Digital Rights Management happens to be one of the biggest pains in the ass of PC Gaming, an authentication requirement that has fewer supporters than the PAC. More and more game developers are voicing their frustration with the anti-piracy measure, with the Witcher developer CDP being a notable voice of dissent, with the creator of Leisure Suit Larry now tossing his hat into the ring, voicing his hatred of the system that has been burning since 1982.
With the ol’ lounge lizard once again preparing to flex his lack of social etiquette while trying to score, usually with disastrous consequences in an upcoming remake, Kotaku spoke to Al Lowe pesky DRM, a topic on which he had something to say, ever since it was introduced back in the eighties;
I refuse to buy products that have DRM. Ya know I’d rather pay for a CD and rip it than download protected music. To me it’s just misguided and it has been misguided since my first involvement with it in 1982. It never was protected from those people who wanted to break it.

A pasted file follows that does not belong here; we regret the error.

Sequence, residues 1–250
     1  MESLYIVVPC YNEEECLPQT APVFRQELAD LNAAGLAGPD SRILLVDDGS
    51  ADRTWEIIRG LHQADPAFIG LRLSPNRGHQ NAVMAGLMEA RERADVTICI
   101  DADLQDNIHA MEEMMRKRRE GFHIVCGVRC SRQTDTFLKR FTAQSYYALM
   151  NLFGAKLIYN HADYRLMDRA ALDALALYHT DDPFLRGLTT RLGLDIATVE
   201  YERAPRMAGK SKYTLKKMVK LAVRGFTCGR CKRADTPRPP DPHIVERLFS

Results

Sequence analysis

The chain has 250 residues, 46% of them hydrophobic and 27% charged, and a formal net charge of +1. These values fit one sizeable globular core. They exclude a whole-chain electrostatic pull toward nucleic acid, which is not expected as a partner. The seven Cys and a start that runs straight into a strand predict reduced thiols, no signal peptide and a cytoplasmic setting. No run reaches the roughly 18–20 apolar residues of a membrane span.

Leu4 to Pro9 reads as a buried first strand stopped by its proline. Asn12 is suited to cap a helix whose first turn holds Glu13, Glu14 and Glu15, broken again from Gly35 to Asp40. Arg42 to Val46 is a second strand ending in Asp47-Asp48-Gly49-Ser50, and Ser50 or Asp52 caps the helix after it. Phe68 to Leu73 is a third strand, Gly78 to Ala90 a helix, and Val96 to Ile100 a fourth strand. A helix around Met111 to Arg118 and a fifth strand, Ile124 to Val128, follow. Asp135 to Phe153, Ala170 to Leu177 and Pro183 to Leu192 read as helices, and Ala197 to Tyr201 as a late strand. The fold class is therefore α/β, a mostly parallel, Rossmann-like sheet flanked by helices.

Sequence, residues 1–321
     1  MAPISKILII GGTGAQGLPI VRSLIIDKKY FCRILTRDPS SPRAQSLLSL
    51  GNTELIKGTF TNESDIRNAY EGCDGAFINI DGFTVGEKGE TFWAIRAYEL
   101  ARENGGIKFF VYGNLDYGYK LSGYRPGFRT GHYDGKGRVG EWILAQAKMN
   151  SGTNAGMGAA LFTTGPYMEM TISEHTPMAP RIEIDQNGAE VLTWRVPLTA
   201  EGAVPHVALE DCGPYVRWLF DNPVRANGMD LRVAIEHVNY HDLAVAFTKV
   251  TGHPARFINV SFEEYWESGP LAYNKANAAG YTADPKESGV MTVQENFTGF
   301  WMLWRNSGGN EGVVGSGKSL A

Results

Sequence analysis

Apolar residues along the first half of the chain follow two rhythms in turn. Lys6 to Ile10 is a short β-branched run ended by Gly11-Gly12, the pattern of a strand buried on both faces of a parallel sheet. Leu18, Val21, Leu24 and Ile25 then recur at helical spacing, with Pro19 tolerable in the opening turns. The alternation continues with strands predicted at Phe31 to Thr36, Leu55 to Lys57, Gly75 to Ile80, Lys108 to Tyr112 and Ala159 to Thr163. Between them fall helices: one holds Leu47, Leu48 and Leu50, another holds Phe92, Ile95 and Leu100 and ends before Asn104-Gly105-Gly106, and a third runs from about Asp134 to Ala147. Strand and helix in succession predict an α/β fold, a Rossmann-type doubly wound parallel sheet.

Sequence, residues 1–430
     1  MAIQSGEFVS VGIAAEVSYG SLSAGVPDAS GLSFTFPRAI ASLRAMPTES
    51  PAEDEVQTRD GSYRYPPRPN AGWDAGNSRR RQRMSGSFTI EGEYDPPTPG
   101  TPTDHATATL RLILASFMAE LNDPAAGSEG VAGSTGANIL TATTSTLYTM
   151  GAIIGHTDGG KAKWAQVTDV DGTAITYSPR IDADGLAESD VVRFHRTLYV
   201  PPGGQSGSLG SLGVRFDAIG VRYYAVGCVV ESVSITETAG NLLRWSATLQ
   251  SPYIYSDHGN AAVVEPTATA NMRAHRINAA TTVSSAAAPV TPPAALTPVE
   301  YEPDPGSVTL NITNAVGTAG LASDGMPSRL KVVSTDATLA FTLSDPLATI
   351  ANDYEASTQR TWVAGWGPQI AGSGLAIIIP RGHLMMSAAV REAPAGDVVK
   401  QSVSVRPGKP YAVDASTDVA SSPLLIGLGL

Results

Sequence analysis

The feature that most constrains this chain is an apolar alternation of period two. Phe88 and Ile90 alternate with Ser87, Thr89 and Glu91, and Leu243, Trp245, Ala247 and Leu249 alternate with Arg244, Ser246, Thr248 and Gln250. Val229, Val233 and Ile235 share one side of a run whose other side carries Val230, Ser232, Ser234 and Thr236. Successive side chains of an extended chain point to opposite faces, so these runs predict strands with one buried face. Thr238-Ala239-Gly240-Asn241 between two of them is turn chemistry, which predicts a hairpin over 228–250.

It was always breakable. All it did was hassle people who paid for the product. And those are the people that you want to be nice to! Be nice to the people who pay and ignore the pirates, because they do what they’re gonna do anyway.
The original game was pirated to polyester hell and back, in the numerous years since its release, with a crafty quiz being used to keep underage pirates from accessing the blocky breasts within, something which I struggled with for months when I found the game hidden away on my old 486 PC.
Except now, as Geoff informed me this morning, I could have been witness to humping black bars much sooner, had I just pushed ALT and X together. With the remake on the way though, the latest Leisure Suit Larry will most likely be pirated once again, to which Lowe had the following message for future pirates:
Last Updated: July 2, 2012